So you were just retained on what could become a high-profile case.  The stakes are high, and it’s unclear how this will play in the media.  The issue may arise based on the parties to the case, the nature of the claims, or both.  Either way, as part of your litigation strategy, you decide that the assistance and guidance of a public relations or media crisis management firm is wise and necessary to render effective counsel.  You prepare your standard Kovel letter, and retain the PR consultant to assist.  As part of that engagement, you advise both consultant and client that it is essential that  you — as counsel — be copied on all communications so as to ensure the protection of privileged communications.  Is this enough protection to guard against the PR consultant from being compelled to disclose communications?  Maybe not.

In Gottwald v. Sebert, a case involving singer-songwriter and recording artist Kesha, Justice Shirley Kornreich ordered non-party Sunshine Sachs (the PR consultant) to produce certain documents identified on its privilege log.  The court held that the communications with the PR agency were not necessary for the rendering of legal advice.  Simply copying an attorney on the communication is not enough to invoke the attorney client privilege.  In footnote 7, the court raised an issue with respect to draft complaints logged and whether they were protected by the work product doctrine, which the court noted “is less likely to result in a waiver than with the attorney-client privilege.”  Following the court’s decision, counsel for defendant submitted a letter addressing the work product issue and why it prevented disclosure of certain materials.  The parties have been ordered to address this issue at an upcoming court conference in December.

Hiring a PR consultant to assist counsel navigate the media minefield, although wise, can be risky.  The court in Gottwald  analyzed the growing body of case law in this area, particularly in the federal courts within the Second Circuit, which seem to lean toward not finding “necessity” for the PR consultant’s involvement, but they are more apt consider application of the attorney work product doctrine.  Of course, unlike privilege, work product may, under certain circumstances be invaded, see Fed. R. Civ. P. 26(b)(3)(A).

There are several key decisions from the federal courts on this issue, namely, In re Chevron (SDNY; Kaplan, J.), Calvin Klein Trademark Trust v. Wachner (SDNY; Rakoff, J.), and Bloomingburg Jewish Educ. Ctr. v. Vill. of Bloomingburg (SDNY; Forrest, J.), that are a “must read” before engaging a PR consultant.  In New York, there is a scarcity of decisions, but the First Department in 2014 ruled in Pecile v. Titan Cap. Group, LLC that communications with a PR consultant do not per se waive the privilege.   The common thread in all of these authorities is to determine whether the particular communications with the PR consultant are necessary in order for counsel to render informed legal advice to the client.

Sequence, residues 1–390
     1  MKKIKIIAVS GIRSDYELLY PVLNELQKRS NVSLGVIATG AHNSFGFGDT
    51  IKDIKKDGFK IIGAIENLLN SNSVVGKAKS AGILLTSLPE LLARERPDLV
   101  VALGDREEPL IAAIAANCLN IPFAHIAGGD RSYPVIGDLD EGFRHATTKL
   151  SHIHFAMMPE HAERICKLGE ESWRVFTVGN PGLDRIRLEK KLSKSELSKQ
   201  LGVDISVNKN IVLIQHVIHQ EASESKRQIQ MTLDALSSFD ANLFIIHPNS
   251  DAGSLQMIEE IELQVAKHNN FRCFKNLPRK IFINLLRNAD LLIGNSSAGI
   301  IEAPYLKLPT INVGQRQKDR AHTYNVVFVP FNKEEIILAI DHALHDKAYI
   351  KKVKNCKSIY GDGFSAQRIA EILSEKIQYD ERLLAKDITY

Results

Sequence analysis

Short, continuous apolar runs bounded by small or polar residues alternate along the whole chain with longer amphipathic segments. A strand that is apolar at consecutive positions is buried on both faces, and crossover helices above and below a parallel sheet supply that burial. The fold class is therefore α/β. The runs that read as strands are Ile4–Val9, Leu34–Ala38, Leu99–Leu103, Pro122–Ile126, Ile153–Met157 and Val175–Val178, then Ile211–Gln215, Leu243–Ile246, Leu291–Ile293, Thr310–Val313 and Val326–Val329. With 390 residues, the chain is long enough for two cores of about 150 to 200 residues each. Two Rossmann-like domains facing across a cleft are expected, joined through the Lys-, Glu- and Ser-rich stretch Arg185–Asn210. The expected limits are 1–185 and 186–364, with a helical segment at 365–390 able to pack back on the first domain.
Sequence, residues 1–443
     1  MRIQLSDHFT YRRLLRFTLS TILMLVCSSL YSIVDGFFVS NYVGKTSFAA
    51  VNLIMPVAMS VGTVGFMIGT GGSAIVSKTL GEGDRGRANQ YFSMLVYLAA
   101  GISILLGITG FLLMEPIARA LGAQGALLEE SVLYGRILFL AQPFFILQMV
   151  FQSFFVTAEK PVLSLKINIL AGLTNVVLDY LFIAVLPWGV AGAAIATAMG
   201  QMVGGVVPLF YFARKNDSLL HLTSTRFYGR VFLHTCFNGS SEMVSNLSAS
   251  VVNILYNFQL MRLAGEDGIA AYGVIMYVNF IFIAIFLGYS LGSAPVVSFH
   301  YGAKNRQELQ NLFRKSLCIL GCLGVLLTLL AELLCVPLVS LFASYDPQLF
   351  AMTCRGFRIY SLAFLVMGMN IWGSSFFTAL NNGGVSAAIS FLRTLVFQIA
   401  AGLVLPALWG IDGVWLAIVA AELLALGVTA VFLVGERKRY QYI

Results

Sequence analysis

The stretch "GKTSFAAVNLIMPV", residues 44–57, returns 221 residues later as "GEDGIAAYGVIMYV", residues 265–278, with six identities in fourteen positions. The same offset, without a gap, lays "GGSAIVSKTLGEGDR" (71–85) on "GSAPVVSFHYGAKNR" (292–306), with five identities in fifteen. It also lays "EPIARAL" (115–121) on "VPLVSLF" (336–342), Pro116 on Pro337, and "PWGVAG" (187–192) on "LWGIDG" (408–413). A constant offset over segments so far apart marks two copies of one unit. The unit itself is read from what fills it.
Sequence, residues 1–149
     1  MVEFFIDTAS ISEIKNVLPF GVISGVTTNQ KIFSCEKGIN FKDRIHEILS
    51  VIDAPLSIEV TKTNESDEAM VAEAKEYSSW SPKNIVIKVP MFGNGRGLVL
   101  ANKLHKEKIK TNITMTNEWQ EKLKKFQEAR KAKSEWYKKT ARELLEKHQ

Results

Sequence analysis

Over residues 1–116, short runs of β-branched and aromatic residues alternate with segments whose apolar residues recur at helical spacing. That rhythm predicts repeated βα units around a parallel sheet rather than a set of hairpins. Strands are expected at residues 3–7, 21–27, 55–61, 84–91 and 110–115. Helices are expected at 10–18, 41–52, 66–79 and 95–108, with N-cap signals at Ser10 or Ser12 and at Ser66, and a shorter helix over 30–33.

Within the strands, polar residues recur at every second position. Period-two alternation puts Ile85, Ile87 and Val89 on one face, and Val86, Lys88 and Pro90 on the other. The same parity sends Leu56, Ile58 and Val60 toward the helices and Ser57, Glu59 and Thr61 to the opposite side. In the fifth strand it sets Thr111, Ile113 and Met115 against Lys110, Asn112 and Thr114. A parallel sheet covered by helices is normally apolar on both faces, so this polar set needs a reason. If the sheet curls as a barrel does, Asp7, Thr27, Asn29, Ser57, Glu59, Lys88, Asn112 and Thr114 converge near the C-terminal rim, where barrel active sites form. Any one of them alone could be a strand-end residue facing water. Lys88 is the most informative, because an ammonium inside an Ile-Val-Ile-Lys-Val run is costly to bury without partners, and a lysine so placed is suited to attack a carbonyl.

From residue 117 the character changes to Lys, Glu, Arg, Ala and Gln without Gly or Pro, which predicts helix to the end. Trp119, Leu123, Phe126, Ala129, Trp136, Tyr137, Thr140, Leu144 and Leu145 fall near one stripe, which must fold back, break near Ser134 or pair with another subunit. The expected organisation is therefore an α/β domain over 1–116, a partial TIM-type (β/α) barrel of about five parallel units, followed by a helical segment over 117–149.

Under Delaware law, the decision to commence litigation on behalf of a corporation is, of course,  a fundamental exercise of business judgment, which decision rests with the Board of Directors.  A shareholder, therefore, cannot bring a derivative action without pleading that a demand on the corporation to do so had been made, or that such demand would have been “futile.”  The shareholder, therefore, has an initial decision to make:  make the demand, or plead futility. 

Recently, in Reese v. Andreotti, Justice O. Peter Sherwood dismissed a derivative action brought by a shareholder who made the demand, which was rejected by the Board.    Relying on Delaware law, the court noted that the mere making of a demand is a tacit acknowledgment by the shareholder that there is an absence of facts that would support a “futility” argument (citing Spiegel v. Buntrock).  Mere disagreement with the Board’s conclusion is simply not sufficient to raise doubts about the Board’s good faith and whether it acted on an informed basis.  Similarly, the court held that by making a demand, a shareholder is effectively conceding that his demand can be fairly assessed and thereby waives any later claim that the Board members were conflicted.

How about the availability of discovery to determine the reasonableness of the Board’s rejection of the demand?  “No” says the court, relying on both Delaware law and New York law, which come to the same conclusion:  plaintiffs are not entitled to discovery to assess the reasonableness of the Board’s rejection.

Making a demand or pleading futility becomes an important, strategic first step in any derivative action.  There are presumptions and ramifications that must be considered before the chosen course is charted and demand is made.